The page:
Srinagar: There were no newspapers, internet or cable television in the Kashmir Valley as curfew continued uninterrupted for the fourth day on February 12 to prevent violence in the wake of Afzal Guru being executed in New Delhi's Tihar Jail. As tension continued in the Valley, Chief Minister Omar Abdullah said he would help arrange a visit for Afzal Guru's family to offer prayers at his grave in the jail premises. Afzal Guru, who belonged to Sopore, was hanged on February 9 for his role in the 2001 attack on parliament.
Abdullah told a radio channel on February 11 evening that he would do everything possible to help Afzal Guru's family if they approached him. Security personnel have been given strict orders to exercise maximum restraint while handling the law and order situation in the Valley, the chief minster said.
Three people have died during protests in the Kashmir Valley after news of December 2001 Indian parliament attack plotter's hanging spread here. Residents in Batwina village of north Kashmir's Ganderbal district said two youths drowned after they were chased by the security forces during protests, while police said the deaths had occurred because of a boat capsize in the Jhelum river.
Three people have died during protests in the Kashmir valley after news of Afzal Guru's hanging spread here.
A teenaged boy belonging to Watergam (Rafiabad) area of Baramulla district succumbed to critical injuries in a city hospital on February 11 morning. He had reportedly sustained a bullet injury from the security forces during protests in the village.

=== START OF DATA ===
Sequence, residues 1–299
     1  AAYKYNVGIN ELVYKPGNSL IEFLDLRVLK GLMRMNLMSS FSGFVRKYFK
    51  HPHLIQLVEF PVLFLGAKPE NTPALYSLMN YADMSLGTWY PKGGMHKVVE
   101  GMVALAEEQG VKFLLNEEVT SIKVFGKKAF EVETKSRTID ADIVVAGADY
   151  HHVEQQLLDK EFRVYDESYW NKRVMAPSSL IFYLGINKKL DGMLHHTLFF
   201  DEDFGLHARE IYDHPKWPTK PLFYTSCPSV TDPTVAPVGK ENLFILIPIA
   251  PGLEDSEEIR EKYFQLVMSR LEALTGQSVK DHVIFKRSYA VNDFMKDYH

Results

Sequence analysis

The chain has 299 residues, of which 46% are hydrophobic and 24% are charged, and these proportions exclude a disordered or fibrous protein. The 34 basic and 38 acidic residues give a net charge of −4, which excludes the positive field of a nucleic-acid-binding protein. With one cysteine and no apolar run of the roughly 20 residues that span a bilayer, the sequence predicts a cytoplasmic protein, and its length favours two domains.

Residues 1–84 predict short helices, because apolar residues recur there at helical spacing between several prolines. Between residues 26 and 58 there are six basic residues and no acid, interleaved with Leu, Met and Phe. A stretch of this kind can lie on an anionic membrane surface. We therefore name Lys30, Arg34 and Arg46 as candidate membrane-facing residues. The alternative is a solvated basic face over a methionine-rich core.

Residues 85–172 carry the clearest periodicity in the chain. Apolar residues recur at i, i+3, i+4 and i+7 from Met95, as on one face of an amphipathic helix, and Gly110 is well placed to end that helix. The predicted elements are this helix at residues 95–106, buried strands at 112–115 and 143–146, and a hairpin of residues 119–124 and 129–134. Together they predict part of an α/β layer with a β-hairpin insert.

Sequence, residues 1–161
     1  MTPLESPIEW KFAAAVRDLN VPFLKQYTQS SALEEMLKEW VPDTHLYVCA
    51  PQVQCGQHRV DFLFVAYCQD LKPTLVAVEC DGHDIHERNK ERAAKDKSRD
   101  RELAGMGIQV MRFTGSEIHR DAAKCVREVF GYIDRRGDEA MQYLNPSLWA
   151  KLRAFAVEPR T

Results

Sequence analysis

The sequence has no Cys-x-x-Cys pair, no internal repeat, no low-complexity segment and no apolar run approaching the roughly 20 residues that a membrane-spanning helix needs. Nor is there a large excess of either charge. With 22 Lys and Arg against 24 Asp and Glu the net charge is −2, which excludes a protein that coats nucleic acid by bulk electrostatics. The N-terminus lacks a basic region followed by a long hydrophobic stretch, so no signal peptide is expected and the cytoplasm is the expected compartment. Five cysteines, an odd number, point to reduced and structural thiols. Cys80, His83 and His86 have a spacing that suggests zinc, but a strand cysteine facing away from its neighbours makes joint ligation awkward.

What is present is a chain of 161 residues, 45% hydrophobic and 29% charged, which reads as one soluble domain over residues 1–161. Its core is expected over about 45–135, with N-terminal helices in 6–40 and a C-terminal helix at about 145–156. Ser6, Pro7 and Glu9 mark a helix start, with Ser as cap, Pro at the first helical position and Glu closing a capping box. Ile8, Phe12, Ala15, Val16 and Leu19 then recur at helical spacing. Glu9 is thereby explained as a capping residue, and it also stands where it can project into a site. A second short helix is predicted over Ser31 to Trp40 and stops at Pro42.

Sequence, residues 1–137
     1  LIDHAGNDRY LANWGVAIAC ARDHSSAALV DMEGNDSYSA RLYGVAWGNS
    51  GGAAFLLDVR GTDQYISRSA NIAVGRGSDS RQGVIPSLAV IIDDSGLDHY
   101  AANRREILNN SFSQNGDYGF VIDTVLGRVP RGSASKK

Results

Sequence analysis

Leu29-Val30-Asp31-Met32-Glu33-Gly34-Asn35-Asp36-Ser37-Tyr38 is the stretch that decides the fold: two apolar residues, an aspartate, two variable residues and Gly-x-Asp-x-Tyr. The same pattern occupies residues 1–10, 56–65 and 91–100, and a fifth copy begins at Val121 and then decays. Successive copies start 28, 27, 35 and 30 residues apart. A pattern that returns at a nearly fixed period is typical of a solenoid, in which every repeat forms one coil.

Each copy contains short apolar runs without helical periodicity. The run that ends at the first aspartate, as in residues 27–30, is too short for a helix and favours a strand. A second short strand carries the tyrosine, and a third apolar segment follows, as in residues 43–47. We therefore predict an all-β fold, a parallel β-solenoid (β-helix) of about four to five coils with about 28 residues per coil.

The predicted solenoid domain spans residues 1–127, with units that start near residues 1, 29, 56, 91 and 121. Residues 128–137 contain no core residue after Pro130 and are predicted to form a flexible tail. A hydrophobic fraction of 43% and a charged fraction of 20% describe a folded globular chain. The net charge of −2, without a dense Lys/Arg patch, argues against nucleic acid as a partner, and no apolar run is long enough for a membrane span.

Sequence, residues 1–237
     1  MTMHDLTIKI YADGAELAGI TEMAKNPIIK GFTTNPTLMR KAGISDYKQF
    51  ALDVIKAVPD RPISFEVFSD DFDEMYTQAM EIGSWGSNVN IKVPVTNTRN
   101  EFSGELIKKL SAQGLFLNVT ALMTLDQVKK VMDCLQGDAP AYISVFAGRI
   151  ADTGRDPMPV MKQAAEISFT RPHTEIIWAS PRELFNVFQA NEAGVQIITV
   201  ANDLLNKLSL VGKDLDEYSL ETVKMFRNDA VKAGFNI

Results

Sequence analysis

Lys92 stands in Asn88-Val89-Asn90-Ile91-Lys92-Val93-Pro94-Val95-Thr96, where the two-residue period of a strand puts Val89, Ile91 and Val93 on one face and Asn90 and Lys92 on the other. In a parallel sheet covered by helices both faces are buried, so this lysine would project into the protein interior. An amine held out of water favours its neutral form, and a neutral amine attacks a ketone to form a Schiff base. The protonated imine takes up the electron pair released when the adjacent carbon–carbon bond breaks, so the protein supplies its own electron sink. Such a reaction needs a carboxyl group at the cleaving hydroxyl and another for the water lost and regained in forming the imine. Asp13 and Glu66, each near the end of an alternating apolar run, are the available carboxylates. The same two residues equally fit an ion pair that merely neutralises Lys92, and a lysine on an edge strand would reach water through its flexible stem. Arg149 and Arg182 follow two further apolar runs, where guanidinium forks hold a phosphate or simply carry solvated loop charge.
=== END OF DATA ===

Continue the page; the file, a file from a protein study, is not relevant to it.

Another injured youth is battling for life in Srinagar's super specialty Sher-e-Kashmir Institute of Medical Sciences Soura. The state government has ordered a magisterial probe into both these incidents and ex-gratia relief to the next of kin of the deceased person.
For the third day on February 12 Kashmir went without any print editions of the local newspapers. Local editors told IANS they had been unofficially told by the authorities to suspend publications of their newspapers till February 15.
"If this has been done to check the spread of wild rumours then it is a very bad decision," said Bashir Manzar, editor of daily 'Kashmir Images'. Cable television operations and internet facilities also remained shut in the summer capital Srinagar, although BSNL broadband users said their facility was still working.
Those using dongle appliances and mobile phones to access the internet have been unable to do so for the last four days. A senior police officer said curfew imposed on February 9 would remain in place till further orders.
Asked whether the authorities were planning some relaxation in the imposed curfew, the officer said the situation was being monitored on a regular basis. Authorities have made announcements through the local radio and television broadcasts that additional round-the-clock ambulances were available to ferry sick people to hospitals from areas under curfew.
Security forces have been advised to treat the identity cards of those maintaining essential services like healthcare, water supplies and electricity as curfew passes and allow their movements through those areas.
The separatist Hurriyat group headed by Syed Ali Geelani has asked people to continue the protest shutdown till February 15 when a march to the Eidgah grounds has been announced.
"We will demand that the mortal remains of Afzal Guru be returned to his family," a spokesperson of the group told media here. All examinations and interviews scheduled to be held here up to Feb 17 have been postponed by the authorities.
Reports here indicate 14 companies of the Border Security Force (BSF) and 10 additional companies of the Central Reserve Police Force (CRPF) have been rushed to assist the state administration in maintaining law and order.
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